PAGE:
When a recent article went viral claiming that taking selfies excessively is now classified as a new mental disorder, I reacted immediately, feeling personally attacked.
Of course later, we all found out the article is a hoax. But it begs the question—Why did people want to believe taking selfies is so bad, an actual disorder? And why did I feel so offended by that suggestion?
Well, what’s in a selfie? Me, of course.
And the very idea of the selfie, at its core, is the person. Selfies aren’t about the landscapes, waterfalls, or Empire State building in the background; they’re about the person standing front and center in each photo.
Selfies are about taking control of one’s history and moments in the NOW.
With a selfie, I don’t need to ask someone else to take my picture when I’m on the 102nd floor of the Empire State Building. I can take my own picture, my selfie, and just keep it as a personal picture of MY moment standing high in the sky. Or, I can post it instantly on social media and share it with the people I care about. Both decisions are extremely normal and it’s great to have them under my control.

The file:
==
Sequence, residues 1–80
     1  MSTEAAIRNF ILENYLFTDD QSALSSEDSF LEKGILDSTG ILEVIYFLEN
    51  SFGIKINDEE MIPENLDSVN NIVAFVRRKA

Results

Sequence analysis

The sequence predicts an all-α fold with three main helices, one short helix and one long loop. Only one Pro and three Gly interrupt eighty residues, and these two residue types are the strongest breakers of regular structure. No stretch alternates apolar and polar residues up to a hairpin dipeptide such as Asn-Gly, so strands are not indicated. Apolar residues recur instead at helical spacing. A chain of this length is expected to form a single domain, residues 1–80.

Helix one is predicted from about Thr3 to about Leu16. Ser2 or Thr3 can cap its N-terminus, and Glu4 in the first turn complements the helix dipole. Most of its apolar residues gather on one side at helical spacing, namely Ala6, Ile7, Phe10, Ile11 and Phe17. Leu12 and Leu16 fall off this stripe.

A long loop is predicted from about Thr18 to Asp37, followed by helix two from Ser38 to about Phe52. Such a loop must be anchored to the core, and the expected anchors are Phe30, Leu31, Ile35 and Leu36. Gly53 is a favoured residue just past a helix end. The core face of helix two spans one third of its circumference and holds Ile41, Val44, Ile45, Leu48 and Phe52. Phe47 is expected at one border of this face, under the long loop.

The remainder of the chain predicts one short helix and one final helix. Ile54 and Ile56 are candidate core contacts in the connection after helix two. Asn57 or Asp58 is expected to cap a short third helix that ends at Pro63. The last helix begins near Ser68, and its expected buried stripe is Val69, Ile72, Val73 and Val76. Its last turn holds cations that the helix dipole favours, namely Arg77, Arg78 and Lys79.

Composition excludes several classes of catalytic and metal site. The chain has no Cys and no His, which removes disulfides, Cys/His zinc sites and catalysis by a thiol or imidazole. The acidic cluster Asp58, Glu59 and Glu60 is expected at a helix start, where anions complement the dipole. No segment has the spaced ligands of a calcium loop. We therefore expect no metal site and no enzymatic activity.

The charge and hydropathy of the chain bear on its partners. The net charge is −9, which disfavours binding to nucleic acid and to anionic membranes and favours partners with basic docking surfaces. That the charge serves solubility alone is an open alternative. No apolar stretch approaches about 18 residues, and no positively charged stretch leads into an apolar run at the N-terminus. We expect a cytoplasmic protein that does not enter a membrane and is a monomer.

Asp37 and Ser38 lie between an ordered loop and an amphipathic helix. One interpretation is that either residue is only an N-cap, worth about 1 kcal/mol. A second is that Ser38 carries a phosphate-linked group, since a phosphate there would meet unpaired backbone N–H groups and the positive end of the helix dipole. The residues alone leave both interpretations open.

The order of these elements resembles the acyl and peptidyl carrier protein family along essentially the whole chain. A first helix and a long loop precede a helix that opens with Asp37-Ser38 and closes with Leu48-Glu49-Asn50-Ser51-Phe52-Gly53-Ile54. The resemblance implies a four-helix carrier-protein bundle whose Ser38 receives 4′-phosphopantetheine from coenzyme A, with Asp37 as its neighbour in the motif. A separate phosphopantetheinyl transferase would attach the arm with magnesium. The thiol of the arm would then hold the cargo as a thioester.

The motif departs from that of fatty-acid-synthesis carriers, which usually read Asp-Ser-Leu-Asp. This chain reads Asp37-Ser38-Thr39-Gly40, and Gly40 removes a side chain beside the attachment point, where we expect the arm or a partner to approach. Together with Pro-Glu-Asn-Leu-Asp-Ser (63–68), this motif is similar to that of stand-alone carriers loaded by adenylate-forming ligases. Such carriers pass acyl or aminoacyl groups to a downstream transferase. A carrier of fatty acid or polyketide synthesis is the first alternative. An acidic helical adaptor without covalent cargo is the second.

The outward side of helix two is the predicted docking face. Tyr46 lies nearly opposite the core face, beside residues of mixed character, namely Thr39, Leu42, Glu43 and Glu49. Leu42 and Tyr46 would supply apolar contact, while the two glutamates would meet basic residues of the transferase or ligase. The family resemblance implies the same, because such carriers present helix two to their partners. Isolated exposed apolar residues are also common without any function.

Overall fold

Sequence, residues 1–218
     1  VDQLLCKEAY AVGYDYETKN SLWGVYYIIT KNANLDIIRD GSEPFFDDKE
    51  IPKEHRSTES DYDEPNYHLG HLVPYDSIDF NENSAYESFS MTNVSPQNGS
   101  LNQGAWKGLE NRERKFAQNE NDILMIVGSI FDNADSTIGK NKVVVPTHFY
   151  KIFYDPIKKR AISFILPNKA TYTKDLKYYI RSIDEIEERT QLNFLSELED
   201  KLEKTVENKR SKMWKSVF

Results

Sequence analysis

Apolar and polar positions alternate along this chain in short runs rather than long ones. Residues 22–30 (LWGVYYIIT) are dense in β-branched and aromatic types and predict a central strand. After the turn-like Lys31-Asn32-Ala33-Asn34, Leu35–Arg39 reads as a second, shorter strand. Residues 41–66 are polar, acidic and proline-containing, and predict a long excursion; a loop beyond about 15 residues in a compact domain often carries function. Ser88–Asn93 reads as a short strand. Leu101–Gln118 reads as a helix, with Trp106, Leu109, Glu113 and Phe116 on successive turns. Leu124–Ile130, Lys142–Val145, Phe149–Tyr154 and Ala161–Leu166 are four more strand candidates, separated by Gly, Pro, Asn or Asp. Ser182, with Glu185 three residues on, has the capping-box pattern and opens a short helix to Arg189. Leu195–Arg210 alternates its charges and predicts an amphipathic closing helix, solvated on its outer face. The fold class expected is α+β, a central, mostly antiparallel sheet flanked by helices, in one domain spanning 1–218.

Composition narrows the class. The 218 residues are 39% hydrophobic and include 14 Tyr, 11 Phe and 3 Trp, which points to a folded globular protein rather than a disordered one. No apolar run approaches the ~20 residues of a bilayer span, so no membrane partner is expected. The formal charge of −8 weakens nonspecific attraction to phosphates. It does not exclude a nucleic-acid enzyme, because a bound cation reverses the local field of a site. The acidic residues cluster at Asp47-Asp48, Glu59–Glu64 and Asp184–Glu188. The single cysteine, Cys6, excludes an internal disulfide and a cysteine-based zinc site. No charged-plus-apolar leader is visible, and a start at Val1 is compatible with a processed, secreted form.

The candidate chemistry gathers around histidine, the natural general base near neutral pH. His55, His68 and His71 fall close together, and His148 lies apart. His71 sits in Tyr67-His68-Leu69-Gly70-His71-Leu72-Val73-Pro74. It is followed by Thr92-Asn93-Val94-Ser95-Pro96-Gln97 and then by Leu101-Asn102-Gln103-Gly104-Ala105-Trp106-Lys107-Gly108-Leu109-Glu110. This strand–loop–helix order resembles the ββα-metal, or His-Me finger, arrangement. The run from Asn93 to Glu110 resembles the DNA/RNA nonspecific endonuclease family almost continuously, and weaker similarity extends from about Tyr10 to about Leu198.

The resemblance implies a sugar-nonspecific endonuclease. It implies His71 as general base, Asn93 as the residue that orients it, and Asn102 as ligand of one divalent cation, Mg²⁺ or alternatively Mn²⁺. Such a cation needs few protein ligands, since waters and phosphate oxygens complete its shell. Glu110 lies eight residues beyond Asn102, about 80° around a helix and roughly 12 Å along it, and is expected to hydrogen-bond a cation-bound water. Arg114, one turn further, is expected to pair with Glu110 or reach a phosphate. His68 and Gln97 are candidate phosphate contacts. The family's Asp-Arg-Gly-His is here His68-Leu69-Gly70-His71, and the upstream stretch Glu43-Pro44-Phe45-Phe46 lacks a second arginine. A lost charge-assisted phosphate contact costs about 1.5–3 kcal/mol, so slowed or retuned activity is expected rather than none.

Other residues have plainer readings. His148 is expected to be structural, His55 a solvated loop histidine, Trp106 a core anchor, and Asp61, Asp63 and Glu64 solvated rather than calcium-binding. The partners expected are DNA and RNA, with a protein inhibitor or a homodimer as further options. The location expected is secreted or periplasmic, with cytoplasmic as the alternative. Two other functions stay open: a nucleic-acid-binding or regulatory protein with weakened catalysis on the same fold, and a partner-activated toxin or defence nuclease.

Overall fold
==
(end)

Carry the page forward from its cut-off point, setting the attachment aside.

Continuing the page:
Recording these moments of my life—or sharing them immediately in time with others—is HUMAN and natural. Historically, people have always wanted to record their lives and tried, dating back to the first cave drawings.
Also, what is the NOW all about? It’s finding a way to stay in the present.
Well, selfies are the best thing to ever come along that helps individuals give themselves a present to help remember “the present”! So, don’t ever dare tell me that selfies indicate mental illness! I will hate you and never, ever, invite you to stand in any of my selfies again.